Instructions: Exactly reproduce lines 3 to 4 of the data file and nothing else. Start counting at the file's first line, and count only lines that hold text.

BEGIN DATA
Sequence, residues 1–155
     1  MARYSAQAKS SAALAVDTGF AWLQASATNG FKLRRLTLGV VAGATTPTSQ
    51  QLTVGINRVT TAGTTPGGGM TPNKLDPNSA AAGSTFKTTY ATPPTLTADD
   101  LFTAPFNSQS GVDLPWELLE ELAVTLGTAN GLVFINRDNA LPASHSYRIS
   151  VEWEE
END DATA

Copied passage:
    51  QLTVGINRVT TAGTTPGGGM TPNKLDPNSA AAGSTFKTTY ATPPTLTADD
   101  LFTAPFNSQS GVDLPWELLE ELAVTLGTAN GLVFINRDNA LPASHSYRIS